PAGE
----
Data from a new study presented this week at The Liver Meeting® – held by the American Association for the Study of Liver Diseases – found that a substantial burden of hepatocellular carcinoma (HCC) and cirrhosis-related deaths may be prevented by lifestyle modifications to diet, alcohol use and exercise.
HCC and cirrhosis incidence are on the rise in the U.S., and deaths related to these illnesses are also accelerating at an alarming pace, prompting researchers from Massachusetts General Hospital and Harvard Medical School to analyze whether adopting a healthier lifestyle might reduce HCC incidence and deaths from cirrhosis.
We wanted to conduct this study because there is growing evidence that both HCC- and cirrhosis-related mortality are largely preventable. Several prior studies have found that individual lifestyle factors, which include body weight, exercise, alcohol use, smoking and diet, contribute to the risk for developing HCC. However, no prior study had quantified the overall contribution of multiple lifestyle factors on the risk for HCC and liver-related mortality. We wanted to estimate how many cases of HCC and deaths from cirrhosis could have been prevented, in our study population, if everyone had adhered to a healthy lifestyle."
Tracey G. Simon, MD, instructor of medicine at Harvard Medical School and Massachusetts General Hospital, and the study's lead author
The study was driven by the rising epidemic of nonalcoholic fatty liver disease (NAFLD) worldwide, and the need to develop treatment approaches that are both feasible and effective at the population level, says Dr. Simon.
"Right now, there are not yet any effective medications to reverse liver fibrosis or prevent HCC. It is essential that we focus on controlling risk factors through primary prevention. Lifestyle modification represents a primary prevention effort that is likely to be a more effective and feasible way to prevent HCC and liver-related mortality, at the population level, explains Dr. Simon of the focus."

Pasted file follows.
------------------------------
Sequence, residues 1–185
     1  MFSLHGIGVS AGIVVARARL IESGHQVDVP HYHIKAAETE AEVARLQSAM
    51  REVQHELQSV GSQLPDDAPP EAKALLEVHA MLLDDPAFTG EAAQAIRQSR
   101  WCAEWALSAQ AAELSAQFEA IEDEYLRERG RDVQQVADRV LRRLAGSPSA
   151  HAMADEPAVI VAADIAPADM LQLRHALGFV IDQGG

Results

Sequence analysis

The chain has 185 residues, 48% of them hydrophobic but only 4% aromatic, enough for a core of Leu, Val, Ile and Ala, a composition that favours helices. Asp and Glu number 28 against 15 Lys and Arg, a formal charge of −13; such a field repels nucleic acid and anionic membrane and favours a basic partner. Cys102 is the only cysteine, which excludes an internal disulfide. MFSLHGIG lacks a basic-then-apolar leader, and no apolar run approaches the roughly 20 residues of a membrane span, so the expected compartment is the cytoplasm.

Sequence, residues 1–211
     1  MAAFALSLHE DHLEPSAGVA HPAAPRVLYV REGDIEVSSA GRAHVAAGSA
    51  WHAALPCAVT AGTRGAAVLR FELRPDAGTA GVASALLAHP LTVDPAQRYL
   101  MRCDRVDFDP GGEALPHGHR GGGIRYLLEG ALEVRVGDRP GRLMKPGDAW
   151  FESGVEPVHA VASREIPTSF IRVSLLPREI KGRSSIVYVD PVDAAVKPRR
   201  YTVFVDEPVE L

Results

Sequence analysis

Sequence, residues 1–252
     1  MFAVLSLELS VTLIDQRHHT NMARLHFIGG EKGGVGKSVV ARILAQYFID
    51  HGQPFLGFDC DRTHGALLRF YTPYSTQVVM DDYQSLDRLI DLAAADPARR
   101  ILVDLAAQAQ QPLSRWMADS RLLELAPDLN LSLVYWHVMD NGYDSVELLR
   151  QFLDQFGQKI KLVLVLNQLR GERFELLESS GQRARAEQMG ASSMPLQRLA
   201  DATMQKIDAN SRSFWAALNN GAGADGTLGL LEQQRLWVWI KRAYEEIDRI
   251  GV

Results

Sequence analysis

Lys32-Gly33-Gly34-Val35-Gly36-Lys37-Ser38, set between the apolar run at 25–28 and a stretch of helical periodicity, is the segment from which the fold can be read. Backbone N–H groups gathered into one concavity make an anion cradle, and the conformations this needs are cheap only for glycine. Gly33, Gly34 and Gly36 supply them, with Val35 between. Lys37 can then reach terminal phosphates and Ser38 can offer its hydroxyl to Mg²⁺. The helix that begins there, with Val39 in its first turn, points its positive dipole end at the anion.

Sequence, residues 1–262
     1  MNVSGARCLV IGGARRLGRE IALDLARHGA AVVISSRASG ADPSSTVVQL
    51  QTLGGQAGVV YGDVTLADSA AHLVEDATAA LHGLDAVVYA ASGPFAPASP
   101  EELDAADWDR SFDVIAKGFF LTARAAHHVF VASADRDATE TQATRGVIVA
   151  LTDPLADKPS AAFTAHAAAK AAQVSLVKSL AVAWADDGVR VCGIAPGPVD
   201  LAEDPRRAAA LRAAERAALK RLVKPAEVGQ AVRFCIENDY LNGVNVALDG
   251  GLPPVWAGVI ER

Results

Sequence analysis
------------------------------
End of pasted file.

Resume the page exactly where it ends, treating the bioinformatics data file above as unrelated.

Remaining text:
This nationwide, prospective cohort study included data on adult men and women with no known liver disease at the beginning of the study. Study participants provided detailed clinical, lifestyle and dietary data every other year from 1986 through 2012. All new HCC cases and deaths were confirmed. A low-risk lifestyle group met all of the following criteria: never smoked or prior smoking less than five pack-years, no or moderate alcohol use, a body-mass index between 18.5 and 24.9, weekly physical activity and a healthy diet ranking in the upper 40 percent of the Alternative Healthy Eating Index (which measures diet quality). All other study subjects were placed in a high-risk group.
The researchers used Cox proportional hazard regression modeling to estimate multivariate-adjusted hazard ratios (HRs) and 95 percent confidence intervals (CIs) for incident HCC and cirrhosis-related mortality. They calculated the population-attributable risk (PAR) of nonadherence to a low-risk lifestyle by comparing relative risks and incidence rates between the two groups, and then assessed the PARs for each modifiable lifestyle risk factor to estimate the percentage of cases that could be prevented by modifying those factors in isolation.
Among 121,893 adults followed for 2,388,811 person-years, the researchers confirmed 121 new HCC cases and 350 cirrhosis-related deaths. Multivariate-adjusted HRs for five versus zero modifiable risk factors were 3.59 (95 percent CI 1.50-7.42) for incident HCC and 4.27 (95 percent CI 56-98) for cirrhosis-related mortality. The PAR for a high-risk versus low-risk lifestyle was 90 percent (95 percent CI 2.06-11.69) for incident HCC and 89 percent (95 percent CI 43-98) for liver-related mortality. Women and men had similar associations. Overall, overweight/obesity was the most significant modifiable risk factor, with a PAR of 36 for HCC incidence and 42 for cirrhosis-related mortality.
"Our findings strongly support continued efforts to develop public health policies for lifestyle modification, to prevent HCC and liver-related mortality. Our data suggested that adherence to a healthy overall lifestyle could potentially prevent more than 30,000 liver-related deaths in the United States each year," says Dr. Simon. "We are working to validate these findings in additional population-based cohorts, and look forward to planning large-scale studies of multi-dimensional diet and lifestyle interventions for patients with established liver disease."